Apple has announced details of a system to find child sexual abuse material (CSAM) on US customers’ devices.

Before saving the image to storage or iCloud Photos, the technology looks for known CSAM matches.

Apple said that if a match is found, the auditor will score the user and report it to law enforcement.

It can be extended to scan mobile phones to find banned content and even political speech.

Experts worry that authoritarian governments may use technology to monitor their citizens.

Apple said that the new versions of iOS and iPadOS that will be released later this year “will include new encrypted applications, which will help limit the online spread of CSAM while protecting user privacy.”

The system works by comparing images with a database of known child sexual abuse images compiled by the National Center for Missing and Exploited Children (NCMEC) and other child safety organizations.

These images are translated into “hashes”, which are digital codes that can “match” the images on Apple devices. According to Apple, you can also use this technology to capture an edited but similar version of the original image.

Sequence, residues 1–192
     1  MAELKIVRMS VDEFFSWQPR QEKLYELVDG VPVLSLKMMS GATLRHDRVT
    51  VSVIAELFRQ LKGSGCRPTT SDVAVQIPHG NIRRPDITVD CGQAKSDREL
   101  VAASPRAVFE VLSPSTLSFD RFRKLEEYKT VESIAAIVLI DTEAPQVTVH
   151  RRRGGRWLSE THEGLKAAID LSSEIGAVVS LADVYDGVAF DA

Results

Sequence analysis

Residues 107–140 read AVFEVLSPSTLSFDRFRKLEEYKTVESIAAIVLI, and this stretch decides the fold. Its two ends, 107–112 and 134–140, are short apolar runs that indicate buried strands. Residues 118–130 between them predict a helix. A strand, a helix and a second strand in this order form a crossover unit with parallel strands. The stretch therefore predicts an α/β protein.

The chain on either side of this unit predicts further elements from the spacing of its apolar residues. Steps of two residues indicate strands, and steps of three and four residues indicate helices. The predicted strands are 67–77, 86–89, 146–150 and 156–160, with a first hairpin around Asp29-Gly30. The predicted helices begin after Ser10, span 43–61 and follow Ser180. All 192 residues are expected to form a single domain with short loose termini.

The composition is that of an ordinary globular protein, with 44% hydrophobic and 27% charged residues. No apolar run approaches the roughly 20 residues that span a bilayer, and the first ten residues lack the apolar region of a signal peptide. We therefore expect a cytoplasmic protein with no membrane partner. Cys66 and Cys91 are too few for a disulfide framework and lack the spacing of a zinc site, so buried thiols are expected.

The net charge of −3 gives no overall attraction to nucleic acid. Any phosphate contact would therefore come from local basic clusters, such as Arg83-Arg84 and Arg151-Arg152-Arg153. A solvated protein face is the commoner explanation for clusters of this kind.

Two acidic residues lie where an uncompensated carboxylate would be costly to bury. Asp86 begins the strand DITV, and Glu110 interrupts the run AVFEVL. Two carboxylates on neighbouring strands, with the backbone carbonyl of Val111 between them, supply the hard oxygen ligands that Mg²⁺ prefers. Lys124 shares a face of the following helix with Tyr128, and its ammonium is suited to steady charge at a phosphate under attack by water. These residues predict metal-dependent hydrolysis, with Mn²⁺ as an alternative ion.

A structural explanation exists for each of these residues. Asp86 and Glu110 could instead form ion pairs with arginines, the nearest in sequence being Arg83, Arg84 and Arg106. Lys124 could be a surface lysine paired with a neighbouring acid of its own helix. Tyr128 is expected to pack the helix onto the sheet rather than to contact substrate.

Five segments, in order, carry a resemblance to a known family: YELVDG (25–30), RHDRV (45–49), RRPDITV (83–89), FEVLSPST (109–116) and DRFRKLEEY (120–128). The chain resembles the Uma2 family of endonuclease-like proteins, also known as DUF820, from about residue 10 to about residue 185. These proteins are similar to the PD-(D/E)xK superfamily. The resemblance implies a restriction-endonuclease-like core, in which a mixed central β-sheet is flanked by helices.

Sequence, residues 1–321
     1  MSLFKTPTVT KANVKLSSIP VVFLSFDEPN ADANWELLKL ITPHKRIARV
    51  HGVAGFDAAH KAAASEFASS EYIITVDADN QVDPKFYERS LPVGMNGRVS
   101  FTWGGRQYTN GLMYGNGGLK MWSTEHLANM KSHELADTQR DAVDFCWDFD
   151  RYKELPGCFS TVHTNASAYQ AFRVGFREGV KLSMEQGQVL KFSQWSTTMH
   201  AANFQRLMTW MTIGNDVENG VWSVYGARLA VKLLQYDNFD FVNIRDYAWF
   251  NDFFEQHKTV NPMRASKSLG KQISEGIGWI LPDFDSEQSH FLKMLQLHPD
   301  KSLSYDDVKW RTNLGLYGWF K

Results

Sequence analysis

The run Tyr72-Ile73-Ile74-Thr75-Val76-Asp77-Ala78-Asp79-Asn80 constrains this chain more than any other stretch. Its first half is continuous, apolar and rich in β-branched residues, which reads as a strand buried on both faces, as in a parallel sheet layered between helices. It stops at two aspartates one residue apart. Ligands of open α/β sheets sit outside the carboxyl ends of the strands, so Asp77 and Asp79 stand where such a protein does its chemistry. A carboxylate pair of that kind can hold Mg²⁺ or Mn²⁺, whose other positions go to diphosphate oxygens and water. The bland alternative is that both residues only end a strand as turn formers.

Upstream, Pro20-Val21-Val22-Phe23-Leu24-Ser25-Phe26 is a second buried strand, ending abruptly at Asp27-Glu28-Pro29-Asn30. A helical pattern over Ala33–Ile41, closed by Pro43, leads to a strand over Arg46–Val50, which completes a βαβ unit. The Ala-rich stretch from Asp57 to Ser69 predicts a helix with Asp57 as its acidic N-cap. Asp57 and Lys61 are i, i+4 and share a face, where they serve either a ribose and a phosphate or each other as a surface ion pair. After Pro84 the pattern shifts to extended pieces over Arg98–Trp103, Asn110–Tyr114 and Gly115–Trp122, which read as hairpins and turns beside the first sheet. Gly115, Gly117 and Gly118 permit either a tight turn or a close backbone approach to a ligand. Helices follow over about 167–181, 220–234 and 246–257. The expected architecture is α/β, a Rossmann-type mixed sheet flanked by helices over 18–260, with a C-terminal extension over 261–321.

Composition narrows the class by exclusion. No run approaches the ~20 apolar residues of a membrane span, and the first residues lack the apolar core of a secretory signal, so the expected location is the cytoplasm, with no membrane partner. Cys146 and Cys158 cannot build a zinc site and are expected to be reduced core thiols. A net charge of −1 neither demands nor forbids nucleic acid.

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‘High level of accuracy and Precision’

“Before saving an image stored in iCloud Photos or storage, a process runs on the device to match the image with a known CSAM hash value,” said Apple.

The company stated that the system “has extremely high accuracy and guarantees that the probability of the account being incorrectly flagged is less than one in a trillion per year.”

Apple said it will manually review each report to confirm a match, and then take steps to disable the user’s account and report it to the police.

The company said that this new technology provides a “significant” privacy advantage compared to existing technologies, because Apple only knows the user’s photos if there is a known CSAM collection in the user’s iCloud photo account.

However some privacy experts have voiced concerns.

“Regardless of Apple’s long-term plans, they have sent a very clear message. Johns Hopkins University researcher Matthew Green said that in their view (very influential), the development of a system to scan users’ mobile phones for prohibited The content is safe.-He said.

“Whether they turn out to be right or wrong on that point hardly matters. This will break the dam — governments will demand it from everyone.”

Jayesh Shewale
Journalism can never be silent: that is its greatest virtue and its greatest fault.

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